Cancer stem cells (CSCs) are a great challenge in the fight against cancer because these self-renewing tumorigenic cell fractions are thought to be responsible for metastasis dissemination and cases of tumor recurrence. In comparison with non-stem cancer cells, CSCs are known to be more resistant to chemotherapy, radiotherapy, and immunotherapy. Elucidation of mechanisms and factors that promote the emergence and existence of CSCs and their high resistance to cytotoxic treatments would help to develop effective CSC-targeting therapeutics. The present review is dedicated to the implication of molecular chaperones (protein regulators of polypeptide chain folding) in both the formation/maintenance of the CSC phenotype and cytoprotective machinery allowing CSCs to survive after drug or radiation exposure and evade immune attack. The major cellular chaperones, namely heat shock proteins (HSP90, HSP70, HSP40, HSP27), glucose-regulated proteins (GRP94, GRP78, GRP75), tumor necrosis factor receptor-associated protein 1 (TRAP1), peptidyl-prolyl isomerases, protein disulfide isomerases, calreticulin, and also a transcription heat shock factor 1 (HSF1) initiating HSP gene expression are here considered as determinants of the cancer cell stemness and potential targets for a therapeutic attack on CSCs. Various approaches and agents are discussed that may be used for inhibiting the chaperone-dependent development/manifestations of cancer cell stemness. Full article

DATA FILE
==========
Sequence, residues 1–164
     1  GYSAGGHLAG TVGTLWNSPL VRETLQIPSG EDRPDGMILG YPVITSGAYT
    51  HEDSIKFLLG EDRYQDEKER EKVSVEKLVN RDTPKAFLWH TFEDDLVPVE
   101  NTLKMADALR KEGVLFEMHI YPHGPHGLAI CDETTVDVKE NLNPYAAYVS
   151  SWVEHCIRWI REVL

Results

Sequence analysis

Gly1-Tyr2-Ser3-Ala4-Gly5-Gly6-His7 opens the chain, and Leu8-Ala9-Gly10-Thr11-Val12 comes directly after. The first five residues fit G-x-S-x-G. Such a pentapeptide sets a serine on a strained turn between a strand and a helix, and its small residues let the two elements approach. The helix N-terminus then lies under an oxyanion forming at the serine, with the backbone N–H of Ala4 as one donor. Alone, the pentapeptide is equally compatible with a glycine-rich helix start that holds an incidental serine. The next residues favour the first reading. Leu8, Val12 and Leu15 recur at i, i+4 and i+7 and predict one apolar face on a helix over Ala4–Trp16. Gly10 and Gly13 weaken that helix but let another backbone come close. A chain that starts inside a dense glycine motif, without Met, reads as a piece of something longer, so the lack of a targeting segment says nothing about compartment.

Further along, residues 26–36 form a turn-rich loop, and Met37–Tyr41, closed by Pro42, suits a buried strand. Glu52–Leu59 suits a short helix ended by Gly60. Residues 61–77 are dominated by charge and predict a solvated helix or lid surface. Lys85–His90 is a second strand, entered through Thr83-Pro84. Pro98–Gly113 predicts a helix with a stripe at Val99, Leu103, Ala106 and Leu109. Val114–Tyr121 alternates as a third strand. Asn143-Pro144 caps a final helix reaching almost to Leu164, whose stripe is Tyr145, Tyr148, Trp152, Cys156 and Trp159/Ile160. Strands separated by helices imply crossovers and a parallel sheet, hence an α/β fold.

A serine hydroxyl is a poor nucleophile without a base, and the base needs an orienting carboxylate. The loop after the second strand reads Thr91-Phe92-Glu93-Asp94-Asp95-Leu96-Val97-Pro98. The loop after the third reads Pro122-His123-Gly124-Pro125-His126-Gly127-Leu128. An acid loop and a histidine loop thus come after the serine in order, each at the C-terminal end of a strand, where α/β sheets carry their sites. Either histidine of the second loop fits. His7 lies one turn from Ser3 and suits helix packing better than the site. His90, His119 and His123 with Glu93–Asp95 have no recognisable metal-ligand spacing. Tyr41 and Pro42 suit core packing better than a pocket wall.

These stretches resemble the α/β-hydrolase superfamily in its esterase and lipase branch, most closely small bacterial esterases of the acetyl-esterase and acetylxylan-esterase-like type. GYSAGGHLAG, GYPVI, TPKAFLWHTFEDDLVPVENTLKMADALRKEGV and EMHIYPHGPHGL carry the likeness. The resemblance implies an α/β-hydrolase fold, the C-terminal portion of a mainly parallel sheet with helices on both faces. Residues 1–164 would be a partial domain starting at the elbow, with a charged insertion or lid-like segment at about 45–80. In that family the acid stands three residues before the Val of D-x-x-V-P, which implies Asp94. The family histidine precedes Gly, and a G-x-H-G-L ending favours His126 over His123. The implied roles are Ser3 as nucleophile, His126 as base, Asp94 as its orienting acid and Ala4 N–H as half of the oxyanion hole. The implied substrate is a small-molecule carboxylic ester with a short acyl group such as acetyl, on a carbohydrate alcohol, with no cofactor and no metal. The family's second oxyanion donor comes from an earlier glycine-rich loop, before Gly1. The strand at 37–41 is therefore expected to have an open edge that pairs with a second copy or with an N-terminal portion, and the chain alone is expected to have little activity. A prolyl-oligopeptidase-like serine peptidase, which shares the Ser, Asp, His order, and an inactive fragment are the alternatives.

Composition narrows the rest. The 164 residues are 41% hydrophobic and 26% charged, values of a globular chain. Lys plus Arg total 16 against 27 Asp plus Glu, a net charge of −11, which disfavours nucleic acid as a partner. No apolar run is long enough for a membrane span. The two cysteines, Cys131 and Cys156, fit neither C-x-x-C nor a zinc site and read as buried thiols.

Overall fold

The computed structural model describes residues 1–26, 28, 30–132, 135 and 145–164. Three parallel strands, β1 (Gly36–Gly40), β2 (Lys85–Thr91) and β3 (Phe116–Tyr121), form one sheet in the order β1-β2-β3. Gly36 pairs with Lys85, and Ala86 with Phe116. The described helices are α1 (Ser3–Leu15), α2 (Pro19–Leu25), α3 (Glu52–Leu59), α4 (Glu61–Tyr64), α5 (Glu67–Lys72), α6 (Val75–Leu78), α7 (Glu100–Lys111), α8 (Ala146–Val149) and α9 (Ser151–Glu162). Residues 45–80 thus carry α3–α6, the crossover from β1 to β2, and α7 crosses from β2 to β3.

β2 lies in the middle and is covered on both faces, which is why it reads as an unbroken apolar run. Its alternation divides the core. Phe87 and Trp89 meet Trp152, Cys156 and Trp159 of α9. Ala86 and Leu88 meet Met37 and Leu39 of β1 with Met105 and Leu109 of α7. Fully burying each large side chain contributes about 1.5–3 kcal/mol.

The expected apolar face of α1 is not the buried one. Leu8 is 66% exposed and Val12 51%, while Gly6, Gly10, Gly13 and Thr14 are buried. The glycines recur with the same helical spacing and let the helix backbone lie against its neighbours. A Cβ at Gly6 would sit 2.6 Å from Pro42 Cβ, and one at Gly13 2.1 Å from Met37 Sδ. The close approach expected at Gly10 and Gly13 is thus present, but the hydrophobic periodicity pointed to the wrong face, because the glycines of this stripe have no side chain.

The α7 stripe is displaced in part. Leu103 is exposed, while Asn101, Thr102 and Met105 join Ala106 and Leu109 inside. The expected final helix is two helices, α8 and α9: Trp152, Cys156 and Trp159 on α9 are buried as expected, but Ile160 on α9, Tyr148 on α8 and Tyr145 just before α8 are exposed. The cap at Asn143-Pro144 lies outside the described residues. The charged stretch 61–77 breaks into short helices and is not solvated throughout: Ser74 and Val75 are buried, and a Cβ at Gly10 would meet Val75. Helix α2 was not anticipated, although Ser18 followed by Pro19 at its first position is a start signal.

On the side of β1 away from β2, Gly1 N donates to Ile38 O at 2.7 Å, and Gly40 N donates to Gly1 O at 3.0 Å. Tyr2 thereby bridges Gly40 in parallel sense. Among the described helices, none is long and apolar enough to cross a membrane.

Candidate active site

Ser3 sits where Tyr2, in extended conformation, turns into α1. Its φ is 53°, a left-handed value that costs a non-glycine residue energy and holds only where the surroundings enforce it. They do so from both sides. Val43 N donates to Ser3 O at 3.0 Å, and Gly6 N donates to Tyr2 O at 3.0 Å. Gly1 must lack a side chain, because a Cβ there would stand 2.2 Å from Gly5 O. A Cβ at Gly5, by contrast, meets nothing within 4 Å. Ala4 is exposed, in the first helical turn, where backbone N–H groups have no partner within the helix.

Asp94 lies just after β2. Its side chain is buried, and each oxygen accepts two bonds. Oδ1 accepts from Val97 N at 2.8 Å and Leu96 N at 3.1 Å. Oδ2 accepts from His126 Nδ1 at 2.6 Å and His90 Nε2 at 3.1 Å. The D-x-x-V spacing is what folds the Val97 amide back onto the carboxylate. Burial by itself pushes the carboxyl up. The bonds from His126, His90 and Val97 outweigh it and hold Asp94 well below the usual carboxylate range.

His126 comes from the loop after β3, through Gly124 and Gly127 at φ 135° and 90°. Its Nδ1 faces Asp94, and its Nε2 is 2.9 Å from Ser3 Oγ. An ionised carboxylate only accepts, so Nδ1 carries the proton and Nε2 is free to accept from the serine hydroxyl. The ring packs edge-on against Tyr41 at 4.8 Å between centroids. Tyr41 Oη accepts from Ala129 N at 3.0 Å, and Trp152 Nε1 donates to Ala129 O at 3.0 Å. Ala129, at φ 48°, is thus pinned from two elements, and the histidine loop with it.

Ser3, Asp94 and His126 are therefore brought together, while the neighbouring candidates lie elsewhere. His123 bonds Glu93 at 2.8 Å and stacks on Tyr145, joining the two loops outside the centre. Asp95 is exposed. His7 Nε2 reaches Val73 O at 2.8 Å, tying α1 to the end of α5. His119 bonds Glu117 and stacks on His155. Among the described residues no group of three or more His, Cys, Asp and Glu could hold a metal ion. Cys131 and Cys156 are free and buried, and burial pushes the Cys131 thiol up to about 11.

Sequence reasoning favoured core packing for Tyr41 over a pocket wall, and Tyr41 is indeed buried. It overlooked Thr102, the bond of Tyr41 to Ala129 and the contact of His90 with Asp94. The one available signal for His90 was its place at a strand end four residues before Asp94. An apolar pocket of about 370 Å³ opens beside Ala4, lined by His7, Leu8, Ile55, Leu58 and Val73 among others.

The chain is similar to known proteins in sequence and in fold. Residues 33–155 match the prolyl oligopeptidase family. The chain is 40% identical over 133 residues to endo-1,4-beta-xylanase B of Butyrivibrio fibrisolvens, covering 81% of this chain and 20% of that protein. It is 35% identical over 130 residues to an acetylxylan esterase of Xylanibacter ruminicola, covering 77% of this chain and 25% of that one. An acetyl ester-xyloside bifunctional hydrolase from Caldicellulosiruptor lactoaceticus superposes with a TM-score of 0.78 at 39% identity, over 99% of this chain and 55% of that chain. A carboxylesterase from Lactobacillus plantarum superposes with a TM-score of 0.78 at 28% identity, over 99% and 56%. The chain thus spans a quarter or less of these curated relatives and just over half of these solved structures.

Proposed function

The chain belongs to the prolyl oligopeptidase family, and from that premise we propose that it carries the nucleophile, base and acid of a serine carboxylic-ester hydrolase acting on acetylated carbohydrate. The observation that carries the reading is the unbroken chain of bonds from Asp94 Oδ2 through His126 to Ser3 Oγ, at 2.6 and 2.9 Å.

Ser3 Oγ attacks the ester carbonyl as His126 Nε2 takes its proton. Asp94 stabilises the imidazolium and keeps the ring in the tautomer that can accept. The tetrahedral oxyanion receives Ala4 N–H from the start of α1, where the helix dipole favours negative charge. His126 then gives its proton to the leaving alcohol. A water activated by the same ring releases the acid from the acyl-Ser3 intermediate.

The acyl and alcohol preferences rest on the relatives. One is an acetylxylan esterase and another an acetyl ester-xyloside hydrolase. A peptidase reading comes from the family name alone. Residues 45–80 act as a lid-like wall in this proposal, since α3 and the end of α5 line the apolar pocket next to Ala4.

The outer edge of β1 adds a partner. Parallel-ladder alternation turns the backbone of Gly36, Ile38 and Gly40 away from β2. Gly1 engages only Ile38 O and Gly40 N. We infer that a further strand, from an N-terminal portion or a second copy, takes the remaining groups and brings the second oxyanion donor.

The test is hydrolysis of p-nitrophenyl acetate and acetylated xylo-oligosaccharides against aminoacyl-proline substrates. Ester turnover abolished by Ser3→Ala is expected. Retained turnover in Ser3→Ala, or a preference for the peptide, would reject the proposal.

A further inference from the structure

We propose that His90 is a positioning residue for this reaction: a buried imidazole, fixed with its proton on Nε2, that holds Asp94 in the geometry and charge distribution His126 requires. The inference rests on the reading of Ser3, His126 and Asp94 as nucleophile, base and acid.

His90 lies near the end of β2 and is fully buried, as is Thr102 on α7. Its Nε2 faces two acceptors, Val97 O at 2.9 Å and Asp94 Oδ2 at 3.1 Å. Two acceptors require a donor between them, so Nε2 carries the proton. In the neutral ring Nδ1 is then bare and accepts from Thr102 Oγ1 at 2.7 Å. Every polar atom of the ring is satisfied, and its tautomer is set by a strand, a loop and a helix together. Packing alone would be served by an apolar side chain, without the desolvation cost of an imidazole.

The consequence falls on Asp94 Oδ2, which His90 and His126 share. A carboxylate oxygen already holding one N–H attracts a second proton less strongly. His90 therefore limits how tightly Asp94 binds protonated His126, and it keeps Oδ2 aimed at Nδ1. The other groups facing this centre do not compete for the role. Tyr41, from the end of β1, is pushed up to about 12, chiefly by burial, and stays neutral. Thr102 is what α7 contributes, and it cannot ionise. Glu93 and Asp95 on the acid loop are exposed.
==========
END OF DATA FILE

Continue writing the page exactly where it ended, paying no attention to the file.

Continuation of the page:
(This article belongs to the Special Issue Molecular Chaperones: Cancer and Cell Death)
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Review
HSP70 Multi-Functionality in Cancer
Cells 2020, 9(3), 587; https://doi.org/10.3390/cells9030587 - 02 Mar 2020
Cited by 54 | Viewed by 5176
Abstract
The 70-kDa heat shock proteins (HSP70s) are abundantly present in cancer, providing malignant cells selective advantage by suppressing multiple apoptotic pathways, regulating necrosis, bypassing cellular senescence program, interfering with tumor immunity, promoting angiogenesis and supporting metastasis. This direct involvement of HSP70 in most [...] Read more.
The 70-kDa heat shock proteins (HSP70s) are abundantly present in cancer, providing malignant cells selective advantage by suppressing multiple apoptotic pathways, regulating necrosis, bypassing cellular senescence program, interfering with tumor immunity, promoting angiogenesis and supporting metastasis. This direct involvement of HSP70 in most of the cancer hallmarks explains the phenomenon of cancer “addiction” to HSP70, tightly linking tumor survival and growth to the HSP70 expression. HSP70 operates in different states through its catalytic cycle, suggesting that it can multi-function in malignant cells in any of these states. Clinically, tumor cells intensively release HSP70 in extracellular microenvironment, resulting in diverse outcomes for patient survival. Given its clinical significance, small molecule inhibitors were developed to target different sites of the HSP70 machinery. Furthermore, several HSP70-based immunotherapy approaches were assessed in clinical trials. This review will explore different roles of HSP70 on cancer progression and emphasize the importance of understanding the flexibility of HSP70 nature for future development of anti-cancer therapies. Full article